August 18, 2017

Court refuses to halt Wisconsin's anti-competitive law on butter … for now

By Wen Fa Attorney

Minerva Dairy is an Ohio-based dairy that has sold its delicious artisanal butter to satisfied consumers in all 50 states. Recently, however, Wisconsin began enforcing a law designed to insulate in-state butter makers from competition. The law prevents out-of-state butter makers from selling their butter in Wisconsin, unless they go through the cost-prohibitive process of getting their butter graded, designing Wisconsin-specific labels, and developing distributor agreements for Wisconsin-graded butter. As a result, consumers in 49 states can buy Minerva butter; consumers in Wisconsin cannot.

Minerva Dairy, represented by PLF attorneys, asked a federal court to halt the Wisconsin butter law until the court can fully resolve the constitutional issues in the case. Today, the court refused to do so, depriving Wisconsin consumers of the opportunity to buy a delicious product that’s sold everywhere else. But there’s good news. Minerva Dairy will now have the chance to establish additional facts to support its argument that Wisconsin’s anti-competitive butter law is unconstitutional. So while the butter law remains on the books for now, it might not be there for much longer.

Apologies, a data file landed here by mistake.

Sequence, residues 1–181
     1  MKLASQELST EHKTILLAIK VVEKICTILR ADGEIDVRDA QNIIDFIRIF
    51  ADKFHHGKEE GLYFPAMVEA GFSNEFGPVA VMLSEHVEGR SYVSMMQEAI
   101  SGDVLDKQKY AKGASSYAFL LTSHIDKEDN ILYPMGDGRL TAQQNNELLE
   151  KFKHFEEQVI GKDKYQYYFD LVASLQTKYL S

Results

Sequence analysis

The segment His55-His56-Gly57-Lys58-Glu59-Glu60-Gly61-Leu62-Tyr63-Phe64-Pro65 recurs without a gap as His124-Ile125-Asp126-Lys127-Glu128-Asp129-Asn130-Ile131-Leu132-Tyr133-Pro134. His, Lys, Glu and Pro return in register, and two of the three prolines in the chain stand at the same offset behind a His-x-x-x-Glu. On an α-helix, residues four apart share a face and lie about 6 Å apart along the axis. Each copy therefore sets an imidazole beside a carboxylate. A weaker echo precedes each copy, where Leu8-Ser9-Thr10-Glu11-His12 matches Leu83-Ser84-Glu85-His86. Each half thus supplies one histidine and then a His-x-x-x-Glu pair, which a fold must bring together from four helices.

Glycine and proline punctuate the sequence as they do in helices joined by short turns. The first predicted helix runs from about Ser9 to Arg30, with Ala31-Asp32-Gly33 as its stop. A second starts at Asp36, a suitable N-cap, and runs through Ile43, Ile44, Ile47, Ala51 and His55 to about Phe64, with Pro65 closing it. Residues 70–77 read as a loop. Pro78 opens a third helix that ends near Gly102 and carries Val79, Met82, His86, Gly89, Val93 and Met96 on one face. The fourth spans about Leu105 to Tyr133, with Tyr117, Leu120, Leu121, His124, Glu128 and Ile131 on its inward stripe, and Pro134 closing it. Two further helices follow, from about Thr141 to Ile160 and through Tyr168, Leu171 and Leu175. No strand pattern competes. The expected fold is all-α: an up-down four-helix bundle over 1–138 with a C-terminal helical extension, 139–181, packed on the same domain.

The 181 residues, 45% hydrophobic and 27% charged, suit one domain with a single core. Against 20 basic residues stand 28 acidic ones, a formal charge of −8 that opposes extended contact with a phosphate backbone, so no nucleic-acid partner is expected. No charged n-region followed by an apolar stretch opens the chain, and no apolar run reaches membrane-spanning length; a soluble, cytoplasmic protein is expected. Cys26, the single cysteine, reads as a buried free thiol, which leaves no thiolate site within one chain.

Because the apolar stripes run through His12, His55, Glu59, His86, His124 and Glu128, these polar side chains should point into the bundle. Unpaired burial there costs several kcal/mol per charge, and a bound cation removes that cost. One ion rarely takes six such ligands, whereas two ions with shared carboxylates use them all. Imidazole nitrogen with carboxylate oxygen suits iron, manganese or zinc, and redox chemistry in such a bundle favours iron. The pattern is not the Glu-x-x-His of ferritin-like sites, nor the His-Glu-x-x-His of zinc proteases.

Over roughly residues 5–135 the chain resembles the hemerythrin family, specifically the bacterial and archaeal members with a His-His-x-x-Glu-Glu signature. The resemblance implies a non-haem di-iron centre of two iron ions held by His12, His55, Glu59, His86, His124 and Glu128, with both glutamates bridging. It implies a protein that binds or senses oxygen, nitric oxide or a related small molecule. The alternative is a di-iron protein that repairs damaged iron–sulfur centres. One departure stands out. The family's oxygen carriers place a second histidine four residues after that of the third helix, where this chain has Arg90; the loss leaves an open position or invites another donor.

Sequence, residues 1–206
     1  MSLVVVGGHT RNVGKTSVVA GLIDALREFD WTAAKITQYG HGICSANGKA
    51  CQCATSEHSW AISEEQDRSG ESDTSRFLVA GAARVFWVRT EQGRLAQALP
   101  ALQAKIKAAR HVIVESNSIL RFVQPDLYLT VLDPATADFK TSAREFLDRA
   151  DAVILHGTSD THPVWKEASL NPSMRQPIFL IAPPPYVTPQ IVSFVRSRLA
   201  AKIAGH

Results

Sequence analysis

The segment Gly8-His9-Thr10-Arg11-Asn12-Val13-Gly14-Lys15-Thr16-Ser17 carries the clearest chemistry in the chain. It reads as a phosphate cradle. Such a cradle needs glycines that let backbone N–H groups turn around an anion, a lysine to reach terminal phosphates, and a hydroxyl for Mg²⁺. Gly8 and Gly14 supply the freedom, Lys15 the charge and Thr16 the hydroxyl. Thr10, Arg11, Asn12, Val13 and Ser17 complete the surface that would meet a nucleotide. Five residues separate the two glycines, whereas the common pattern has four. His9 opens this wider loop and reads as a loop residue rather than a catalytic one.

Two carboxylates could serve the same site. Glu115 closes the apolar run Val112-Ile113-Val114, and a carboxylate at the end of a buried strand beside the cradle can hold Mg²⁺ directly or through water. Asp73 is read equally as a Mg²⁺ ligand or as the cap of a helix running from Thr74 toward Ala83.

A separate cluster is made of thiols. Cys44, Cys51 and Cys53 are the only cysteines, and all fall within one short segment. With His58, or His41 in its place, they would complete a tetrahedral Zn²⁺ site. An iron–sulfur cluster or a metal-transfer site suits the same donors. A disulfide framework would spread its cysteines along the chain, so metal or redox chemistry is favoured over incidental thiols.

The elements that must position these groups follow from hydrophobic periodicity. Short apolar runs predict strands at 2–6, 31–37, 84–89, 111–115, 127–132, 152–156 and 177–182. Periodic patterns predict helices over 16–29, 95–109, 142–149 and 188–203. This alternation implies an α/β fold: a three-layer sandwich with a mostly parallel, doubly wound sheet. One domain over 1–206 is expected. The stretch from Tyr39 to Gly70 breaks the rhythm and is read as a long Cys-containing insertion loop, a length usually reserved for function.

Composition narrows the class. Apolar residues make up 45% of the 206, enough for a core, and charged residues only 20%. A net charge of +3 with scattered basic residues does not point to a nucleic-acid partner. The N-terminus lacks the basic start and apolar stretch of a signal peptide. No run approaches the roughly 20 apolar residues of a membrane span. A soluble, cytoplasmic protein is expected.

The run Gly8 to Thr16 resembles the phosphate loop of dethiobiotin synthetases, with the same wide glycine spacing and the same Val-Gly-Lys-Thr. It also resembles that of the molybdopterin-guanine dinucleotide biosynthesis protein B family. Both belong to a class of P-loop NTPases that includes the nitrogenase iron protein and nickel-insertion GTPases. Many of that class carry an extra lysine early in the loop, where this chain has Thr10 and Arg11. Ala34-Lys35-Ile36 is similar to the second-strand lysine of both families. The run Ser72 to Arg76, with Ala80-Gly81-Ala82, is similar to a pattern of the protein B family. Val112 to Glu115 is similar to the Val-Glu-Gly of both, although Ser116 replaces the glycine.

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Minerva Dairy v. Brancel

Minerva Dairy, and its President, Adam Mueller, are challenging a Wisconsin law that prevents butter makers from outside the state from selling their products in Wisconsin unless they go through an arduous and costly process of getting their butter “graded.” Grading has nothing to do with quality or safety; it is graded by taste, as determined by government bureaucrats. Only Wisconsin has this type of law; neither the federal government nor any other state requires grading. Because Minerva Dairy makes artisanal butter that has its own unique taste, it does not want to submit to Wisconsin grading. Representing Minerva, PLF filed a lawsuit challenging the law as an unconstitutional violation of the Commerce Clause, Due Process, and Equal Protection.

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